China Telecom reported declining profits for the first nine months of the year as higher costs associated with its launch of the iPhone ate into revenues.
The smallest of China’s three network operators, China Telecom (Beijing, China) boasted a 15.1% increase in operating revenues for the first nine months, to 210 billion yuan ($33.6 billion), compared with the corresponding period of 2011, with take-up of smartphone services fuelling top-line growth.
But the heavy discounts it attaches to higher-end devices – including the iPhone, which it began offering in February – sent net profit down by 7.8%, to 12.6 billion yuan.
Growth in the usage of mobile data services also forced the company to increase spending on the lease of network capacity.
Key performance indicators show that China Telecom signed up 8.76 million 3G customers in the last three-month reporting period, its most impressive quarterly gains in over a year.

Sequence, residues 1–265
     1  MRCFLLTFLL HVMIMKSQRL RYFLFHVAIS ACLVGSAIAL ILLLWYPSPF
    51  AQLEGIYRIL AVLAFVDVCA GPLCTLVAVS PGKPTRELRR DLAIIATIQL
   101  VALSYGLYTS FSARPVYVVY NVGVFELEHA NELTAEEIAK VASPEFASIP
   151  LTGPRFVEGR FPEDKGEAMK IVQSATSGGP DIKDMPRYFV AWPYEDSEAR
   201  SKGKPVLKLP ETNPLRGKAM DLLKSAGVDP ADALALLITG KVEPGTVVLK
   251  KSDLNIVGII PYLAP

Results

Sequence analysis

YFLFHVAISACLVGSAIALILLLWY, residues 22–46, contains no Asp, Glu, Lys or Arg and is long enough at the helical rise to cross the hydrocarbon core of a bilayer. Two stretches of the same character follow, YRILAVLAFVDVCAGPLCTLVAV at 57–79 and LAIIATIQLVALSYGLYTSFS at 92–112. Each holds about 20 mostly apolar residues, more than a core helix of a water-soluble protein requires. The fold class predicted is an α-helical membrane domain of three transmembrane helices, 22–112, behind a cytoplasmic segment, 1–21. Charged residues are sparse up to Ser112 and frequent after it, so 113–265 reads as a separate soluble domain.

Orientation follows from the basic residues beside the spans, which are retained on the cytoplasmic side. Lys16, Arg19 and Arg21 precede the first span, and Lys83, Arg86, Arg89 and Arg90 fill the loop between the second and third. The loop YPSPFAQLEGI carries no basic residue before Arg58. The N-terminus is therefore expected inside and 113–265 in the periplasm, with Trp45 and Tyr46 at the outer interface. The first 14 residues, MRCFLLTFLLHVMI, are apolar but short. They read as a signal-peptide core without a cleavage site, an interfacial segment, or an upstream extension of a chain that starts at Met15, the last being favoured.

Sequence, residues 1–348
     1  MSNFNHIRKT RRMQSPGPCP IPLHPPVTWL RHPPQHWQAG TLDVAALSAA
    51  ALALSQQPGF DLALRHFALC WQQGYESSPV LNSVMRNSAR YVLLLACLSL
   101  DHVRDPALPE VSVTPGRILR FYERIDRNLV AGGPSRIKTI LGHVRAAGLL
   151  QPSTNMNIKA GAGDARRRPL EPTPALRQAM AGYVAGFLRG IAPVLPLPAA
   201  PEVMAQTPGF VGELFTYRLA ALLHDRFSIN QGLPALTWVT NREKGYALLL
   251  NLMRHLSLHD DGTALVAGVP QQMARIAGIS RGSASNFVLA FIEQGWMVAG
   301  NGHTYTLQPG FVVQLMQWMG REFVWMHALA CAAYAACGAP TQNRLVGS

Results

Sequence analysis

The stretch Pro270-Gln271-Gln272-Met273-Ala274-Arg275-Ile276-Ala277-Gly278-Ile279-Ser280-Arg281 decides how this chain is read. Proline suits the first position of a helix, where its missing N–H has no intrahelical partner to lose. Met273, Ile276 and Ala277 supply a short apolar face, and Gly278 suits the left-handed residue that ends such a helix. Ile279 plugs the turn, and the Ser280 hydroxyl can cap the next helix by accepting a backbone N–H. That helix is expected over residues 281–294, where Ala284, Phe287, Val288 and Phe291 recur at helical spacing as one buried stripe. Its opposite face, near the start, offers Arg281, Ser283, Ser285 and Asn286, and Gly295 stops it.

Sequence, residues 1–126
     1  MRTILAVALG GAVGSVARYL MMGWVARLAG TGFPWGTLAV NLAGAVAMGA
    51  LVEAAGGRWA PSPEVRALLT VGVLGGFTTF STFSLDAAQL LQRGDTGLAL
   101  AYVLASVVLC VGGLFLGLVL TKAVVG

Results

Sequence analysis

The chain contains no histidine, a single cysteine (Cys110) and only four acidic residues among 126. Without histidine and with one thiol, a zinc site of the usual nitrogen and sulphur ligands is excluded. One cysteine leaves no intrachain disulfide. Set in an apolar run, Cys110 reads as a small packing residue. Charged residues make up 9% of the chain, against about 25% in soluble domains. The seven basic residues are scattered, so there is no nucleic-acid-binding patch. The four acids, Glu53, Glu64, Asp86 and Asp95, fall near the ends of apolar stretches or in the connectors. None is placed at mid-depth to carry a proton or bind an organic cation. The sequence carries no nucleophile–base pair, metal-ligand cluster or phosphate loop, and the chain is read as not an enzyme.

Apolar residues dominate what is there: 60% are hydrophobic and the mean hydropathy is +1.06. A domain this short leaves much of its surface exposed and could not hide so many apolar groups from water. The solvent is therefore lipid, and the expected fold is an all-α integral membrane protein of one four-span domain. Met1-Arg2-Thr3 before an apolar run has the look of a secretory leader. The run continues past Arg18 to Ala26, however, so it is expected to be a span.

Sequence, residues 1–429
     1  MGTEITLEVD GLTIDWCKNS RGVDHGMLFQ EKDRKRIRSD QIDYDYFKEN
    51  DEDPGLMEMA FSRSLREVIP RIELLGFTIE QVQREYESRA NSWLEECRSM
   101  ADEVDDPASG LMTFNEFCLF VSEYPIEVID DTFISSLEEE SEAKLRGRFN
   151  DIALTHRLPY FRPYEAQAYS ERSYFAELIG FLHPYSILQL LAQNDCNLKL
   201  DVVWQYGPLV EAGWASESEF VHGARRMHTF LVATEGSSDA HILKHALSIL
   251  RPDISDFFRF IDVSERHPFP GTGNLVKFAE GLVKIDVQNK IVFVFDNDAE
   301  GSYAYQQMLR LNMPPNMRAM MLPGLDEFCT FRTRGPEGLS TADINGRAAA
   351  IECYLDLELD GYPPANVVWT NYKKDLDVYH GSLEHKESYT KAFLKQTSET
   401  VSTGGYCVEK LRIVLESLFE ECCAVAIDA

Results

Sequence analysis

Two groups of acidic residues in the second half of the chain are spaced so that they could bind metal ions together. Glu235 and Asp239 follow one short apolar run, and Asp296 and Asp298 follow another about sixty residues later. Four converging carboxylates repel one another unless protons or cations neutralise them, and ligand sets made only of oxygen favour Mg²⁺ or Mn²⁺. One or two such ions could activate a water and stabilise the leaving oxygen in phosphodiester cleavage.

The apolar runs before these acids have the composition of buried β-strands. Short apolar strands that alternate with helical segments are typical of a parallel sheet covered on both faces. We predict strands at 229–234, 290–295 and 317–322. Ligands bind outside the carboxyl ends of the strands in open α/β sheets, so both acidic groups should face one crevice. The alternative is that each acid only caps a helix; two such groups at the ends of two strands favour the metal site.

Nevertheless, the figures also indicate that overall customer growth in the mobile-phone sector is slowing down, with net additions of 8.44 million, compared with 8.58 million in the third quarter of 2011.
What’s more, the higher figure for 3G additions shows that many of those customers were existing China Telecom subscribers upgrading from 2G services.
In total, China Telecom now has 152.62 million mobile-phone customers, 59.72 million of which are on 3G tariffs.
That compares with 66.9 million 3G customers at China Unicom (Beijing, China) and 75.6 million at China Mobile (Beijing, China), but China Telecom’s 3G business has been growing faster.
The company has a clear advantage over China Mobile, which is unable to provide current versions of the iPhone because they are incompatible with its TD-SCDMA network technology.
Even so, China Mobile is leading the way on the rollout of 4G technology and likely to become a more serious threat in the smartphone business once it launches 4G services.
China Telecom remains the country’s biggest fixed-line provider, but line losses accelerated to 1.53 million in the recent quarter, from 1.26 million in the same part of 2011, as customers abandoned traditional telephony products.
The operator also reported a slowdown in the rate of broadband subscriber growth, adding 3.26 million new customers, compared with 3.6 million a year earlier.
Weakness in the Chinese economy, as GDP growth slows, is likely to be responsible for the broadband decline.